Let $X$ be a random variable, and let $\phi_X(t)$ be its characteristic function. Let $Y = f(X)$ be a transformation of the random variable $X$ where $f$ is increasing and one-to-one. Is there a direct functional relationship between the characteristic function of the transformation $f(X)$ and the characteristic function $\phi_X(x)$? Meaning if $\phi_Y(t)$ is the characteristic function of the random variable $f(X)$, can we write $\phi_Y(t)$ in terms of $\phi_X(t)$?

  • $\begingroup$ I think if there was any relation, it'd be quite well known. fourier transforms don't have special behaviour under transformations. $\endgroup$ – Lost1 Jan 20 '14 at 20:21

If $Y=g(X)$ (let me use $g$, reserving $f$ for the densities) :

Then $$ \phi_Y(t)=E(e^{i Yt})=\int_{-\infty}^{\infty} f_Y(y) e^{i y t} dy= \int_{-\infty}^{\infty} f_X(x) e^{i g(x) t} dx=\\ =\frac{1}{2 \pi} \int_{-\infty}^{\infty} \int_{-\infty}^{\infty} \phi_X(s) e^{-i s x } ds \, e^{i g(x) t} dx $$

Of course, this is rather trivial ( $ \phi_X(t) \to f_X(x) \to f_Y(y) \to \phi_Y(t)$) and formal (the formula is not practical, it does not give a nice or simple relationship between $\phi_Y(t)$ and $\phi_X(t)$ but I don't see why you'd expect that it can be simplified.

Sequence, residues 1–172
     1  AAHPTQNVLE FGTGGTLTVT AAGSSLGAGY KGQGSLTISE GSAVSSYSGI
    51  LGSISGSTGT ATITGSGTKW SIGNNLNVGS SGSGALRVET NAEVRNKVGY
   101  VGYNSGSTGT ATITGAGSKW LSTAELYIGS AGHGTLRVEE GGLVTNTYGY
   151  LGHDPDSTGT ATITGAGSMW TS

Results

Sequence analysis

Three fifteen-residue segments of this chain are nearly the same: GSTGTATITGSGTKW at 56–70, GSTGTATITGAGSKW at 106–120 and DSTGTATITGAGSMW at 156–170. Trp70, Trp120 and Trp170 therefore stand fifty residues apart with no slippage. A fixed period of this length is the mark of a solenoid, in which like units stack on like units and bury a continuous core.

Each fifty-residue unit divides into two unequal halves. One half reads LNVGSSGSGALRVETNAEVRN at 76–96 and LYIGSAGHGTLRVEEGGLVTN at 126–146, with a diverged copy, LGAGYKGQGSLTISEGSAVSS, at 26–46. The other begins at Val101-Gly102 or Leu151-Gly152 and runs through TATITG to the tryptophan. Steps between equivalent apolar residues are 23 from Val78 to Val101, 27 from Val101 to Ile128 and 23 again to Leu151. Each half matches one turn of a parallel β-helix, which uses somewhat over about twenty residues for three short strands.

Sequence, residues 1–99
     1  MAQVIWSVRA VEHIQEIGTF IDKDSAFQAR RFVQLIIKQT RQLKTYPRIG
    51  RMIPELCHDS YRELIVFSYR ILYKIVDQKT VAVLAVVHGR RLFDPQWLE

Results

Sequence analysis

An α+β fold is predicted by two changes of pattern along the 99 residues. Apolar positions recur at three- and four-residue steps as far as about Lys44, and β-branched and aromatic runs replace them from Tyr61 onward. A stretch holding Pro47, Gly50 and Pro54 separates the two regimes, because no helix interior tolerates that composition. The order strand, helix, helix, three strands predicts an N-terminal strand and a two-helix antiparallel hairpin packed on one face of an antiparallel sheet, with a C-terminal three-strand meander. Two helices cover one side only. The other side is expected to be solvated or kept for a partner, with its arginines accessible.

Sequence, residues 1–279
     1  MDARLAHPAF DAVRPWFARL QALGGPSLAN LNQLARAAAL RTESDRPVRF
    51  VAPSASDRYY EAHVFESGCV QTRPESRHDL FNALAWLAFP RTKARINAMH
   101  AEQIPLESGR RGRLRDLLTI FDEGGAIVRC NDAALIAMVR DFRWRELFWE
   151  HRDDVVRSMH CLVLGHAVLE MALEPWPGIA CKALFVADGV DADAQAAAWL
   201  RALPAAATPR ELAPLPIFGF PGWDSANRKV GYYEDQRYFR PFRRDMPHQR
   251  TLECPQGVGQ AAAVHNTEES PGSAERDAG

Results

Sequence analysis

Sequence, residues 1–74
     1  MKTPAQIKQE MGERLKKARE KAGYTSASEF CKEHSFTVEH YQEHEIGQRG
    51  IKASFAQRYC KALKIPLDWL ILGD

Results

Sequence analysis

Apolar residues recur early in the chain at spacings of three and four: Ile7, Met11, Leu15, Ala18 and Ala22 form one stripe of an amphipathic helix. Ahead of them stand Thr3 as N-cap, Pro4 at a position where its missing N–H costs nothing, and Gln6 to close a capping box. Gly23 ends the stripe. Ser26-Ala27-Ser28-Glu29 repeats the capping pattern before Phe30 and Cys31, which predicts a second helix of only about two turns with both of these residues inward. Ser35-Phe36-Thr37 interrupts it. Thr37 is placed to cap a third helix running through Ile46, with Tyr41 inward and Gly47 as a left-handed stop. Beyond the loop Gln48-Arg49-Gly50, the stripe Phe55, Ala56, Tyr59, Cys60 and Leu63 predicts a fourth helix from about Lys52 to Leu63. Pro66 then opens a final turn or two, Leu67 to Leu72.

Here's I think what would be a counterexample: if $X \sim R[0,1]$ and $Y \sim N(X, \sigma^2)$, then MGF of $X$ would be $\frac{e^t-1}{t}$ and MGF of $Y$ would be $e^{xt+\frac{\sigma^2 t^2}{2}}$ and I doubt there's a way to express the latter via the former.

  • $\begingroup$ What about something simpler. Consider $X \sim N(\mu , \sigma)$ and consider $f(x)= x/2$. (Even you could make it simpler by taking $\mu=0$ and $\sigma=1$). $\endgroup$ – kolonel Jan 20 '14 at 3:31
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    $\begingroup$ This was meant as a counterexample. I didn't say it's impossible for some functions. $\endgroup$ – Alex Jan 20 '14 at 3:35
  • $\begingroup$ Thanks. But in your case $Y=f(X)$ is not increasing and one-to-one or am I missing something? $\endgroup$ – kolonel Jan 20 '14 at 3:49

This is more of a comment than answer and is for someone stumbling into this post.

For linear transformations of the form $Y=aX+b$, we can say that $\phi_Y(t)=e^{itb}\phi_X(at)$. If we are dealing with random vectors, then for transformation $AX+B$, we have $\phi_Y(t)=e^{it^\top B}\phi_X(A^\top t)$.

Source: https://www.statlect.com/fundamentals-of-probability/joint-characteristic-function and references therein.

  • $\begingroup$ please use the comment function for comments. $\endgroup$ – Fabian Rost May 9 '17 at 7:33

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